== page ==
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Two articles in this week’s Economist caught my eye.  Both carry the story about what might be considered as New Industrial Strategy.  The narrative goes something like this.  After several decades of free market economics run amok, the UK economy has become unbalanced to favour services, more specifically financial services.  The economic fall-out is still decaying and, desperate to do something, the government is pumping money into attractive areas of potential – areas selected by experts and driven by interests.  It goes on to caution against this interventionism and pleads for hands to be kept off and allow commercial ventures to choose these investments for themselves; that governments always get these things wrong. (That is not always the case as I wrote in this linked piece…)

I take a counter view and one based on systems-thinking.  The national innovation system cannot be left to the market alone to create and sustain itself, while on one hand the profit motive (nothing wrong with that) drives creativity in seeking to fulfill the future needs of consumers, it cannot know by itself the intricate workings of this innovation engine.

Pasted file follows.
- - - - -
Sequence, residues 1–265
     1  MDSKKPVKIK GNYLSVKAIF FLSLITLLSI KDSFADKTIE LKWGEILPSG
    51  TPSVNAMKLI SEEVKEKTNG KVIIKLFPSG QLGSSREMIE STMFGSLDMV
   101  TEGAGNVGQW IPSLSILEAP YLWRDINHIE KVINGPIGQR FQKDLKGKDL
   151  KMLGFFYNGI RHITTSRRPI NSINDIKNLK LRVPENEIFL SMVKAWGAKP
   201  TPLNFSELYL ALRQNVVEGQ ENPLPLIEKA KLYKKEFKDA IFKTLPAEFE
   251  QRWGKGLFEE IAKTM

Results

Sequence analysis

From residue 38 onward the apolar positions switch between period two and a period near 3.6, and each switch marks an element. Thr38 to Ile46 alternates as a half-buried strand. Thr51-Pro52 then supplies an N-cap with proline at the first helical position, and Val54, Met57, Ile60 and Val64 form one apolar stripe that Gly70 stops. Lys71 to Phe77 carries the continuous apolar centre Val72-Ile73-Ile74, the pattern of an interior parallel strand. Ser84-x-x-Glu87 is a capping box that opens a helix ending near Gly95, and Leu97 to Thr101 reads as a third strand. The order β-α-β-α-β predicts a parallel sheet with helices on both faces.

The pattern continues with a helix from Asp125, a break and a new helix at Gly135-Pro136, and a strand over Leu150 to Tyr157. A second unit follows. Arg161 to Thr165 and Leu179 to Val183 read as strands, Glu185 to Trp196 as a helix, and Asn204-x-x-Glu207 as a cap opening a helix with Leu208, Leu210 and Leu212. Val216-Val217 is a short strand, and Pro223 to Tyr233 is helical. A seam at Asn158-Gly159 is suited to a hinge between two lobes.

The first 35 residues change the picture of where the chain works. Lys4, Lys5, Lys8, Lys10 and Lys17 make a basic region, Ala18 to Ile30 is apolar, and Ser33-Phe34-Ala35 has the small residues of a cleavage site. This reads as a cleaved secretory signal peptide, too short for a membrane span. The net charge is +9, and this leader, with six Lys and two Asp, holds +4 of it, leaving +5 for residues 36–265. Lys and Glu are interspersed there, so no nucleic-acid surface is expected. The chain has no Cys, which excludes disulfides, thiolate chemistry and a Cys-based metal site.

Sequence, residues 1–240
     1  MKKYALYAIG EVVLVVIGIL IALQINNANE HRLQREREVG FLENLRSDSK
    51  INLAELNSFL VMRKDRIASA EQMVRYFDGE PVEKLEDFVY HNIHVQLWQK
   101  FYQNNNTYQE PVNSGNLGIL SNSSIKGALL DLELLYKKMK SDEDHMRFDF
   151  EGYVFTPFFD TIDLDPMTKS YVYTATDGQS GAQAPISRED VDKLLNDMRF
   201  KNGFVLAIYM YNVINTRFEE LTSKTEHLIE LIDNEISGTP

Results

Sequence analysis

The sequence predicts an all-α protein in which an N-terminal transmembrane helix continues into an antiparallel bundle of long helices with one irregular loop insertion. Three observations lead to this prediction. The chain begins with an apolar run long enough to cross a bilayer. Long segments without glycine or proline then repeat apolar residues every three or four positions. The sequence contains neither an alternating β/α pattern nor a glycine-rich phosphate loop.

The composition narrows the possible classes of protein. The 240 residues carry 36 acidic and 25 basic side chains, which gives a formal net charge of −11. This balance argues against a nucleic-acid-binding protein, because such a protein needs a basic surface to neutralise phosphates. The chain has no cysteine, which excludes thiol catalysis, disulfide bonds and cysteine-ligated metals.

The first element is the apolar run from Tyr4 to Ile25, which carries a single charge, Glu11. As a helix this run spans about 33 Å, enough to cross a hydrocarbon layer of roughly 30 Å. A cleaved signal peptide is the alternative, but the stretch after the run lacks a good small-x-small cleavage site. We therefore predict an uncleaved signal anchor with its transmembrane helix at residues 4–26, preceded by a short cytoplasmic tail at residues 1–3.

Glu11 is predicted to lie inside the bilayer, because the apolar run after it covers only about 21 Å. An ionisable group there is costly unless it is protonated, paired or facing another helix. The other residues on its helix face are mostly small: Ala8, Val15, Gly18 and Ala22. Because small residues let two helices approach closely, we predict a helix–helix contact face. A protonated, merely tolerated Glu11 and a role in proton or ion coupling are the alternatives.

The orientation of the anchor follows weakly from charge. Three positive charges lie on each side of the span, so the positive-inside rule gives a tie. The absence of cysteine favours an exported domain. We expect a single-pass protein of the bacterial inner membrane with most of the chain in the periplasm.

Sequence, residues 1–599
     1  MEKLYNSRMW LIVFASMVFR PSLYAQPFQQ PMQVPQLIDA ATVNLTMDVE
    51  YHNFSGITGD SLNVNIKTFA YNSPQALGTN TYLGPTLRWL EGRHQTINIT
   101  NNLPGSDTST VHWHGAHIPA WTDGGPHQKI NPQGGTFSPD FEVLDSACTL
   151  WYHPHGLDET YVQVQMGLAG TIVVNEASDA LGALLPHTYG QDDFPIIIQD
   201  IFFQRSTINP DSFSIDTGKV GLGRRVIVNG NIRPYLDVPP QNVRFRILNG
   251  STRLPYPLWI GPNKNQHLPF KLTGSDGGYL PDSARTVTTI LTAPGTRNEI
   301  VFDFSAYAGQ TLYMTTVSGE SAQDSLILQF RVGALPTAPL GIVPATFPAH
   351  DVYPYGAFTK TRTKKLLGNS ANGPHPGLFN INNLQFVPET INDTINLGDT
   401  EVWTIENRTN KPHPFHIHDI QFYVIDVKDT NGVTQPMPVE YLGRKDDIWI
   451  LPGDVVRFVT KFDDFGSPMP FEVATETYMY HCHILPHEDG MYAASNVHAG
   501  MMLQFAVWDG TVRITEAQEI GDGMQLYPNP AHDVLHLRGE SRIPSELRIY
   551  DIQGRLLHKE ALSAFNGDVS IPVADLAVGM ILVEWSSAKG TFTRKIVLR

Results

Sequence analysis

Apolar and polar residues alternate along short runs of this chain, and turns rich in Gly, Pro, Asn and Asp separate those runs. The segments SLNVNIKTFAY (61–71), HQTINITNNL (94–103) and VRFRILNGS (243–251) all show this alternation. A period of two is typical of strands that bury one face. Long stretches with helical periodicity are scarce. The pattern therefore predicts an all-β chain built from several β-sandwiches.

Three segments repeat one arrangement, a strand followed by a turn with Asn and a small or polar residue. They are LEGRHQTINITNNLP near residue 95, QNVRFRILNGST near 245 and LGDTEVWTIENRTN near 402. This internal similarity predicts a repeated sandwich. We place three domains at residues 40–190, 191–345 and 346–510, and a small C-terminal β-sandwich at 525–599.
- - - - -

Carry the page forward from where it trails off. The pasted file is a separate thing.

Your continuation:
It is true that there have been systemic failings in the UK – a less than stellar performance in connecting inventions to finance and other things that make innovation succeed in the industrial setting.  Now we are waking up to an education system that has under-produced STEM graduates by several legions.  A stronger, guiding hand is needed.

The high-value manufacturing hubs are an interesting test case.  The argument goes that by investing in facilities and creating clusters of expertise that gravitate capability, the UK can partly rebalance its innovation system.  I, like many engineers, find the current efforts intuitively appealing after decades of the nation ignoring its science and engineering calling.  I qualify that last statement however; one should not pine for the past and want to recreate old, dead industries.  Nations like the UK as an advanced economy will naturally develop more significant service sectors as natural progress in its economic life-cycle.

Perhaps a more nuanced approach would be to work on the more core needs; education, finance, planning, transportation and communications…

Rob Munro

So, what do you think ?

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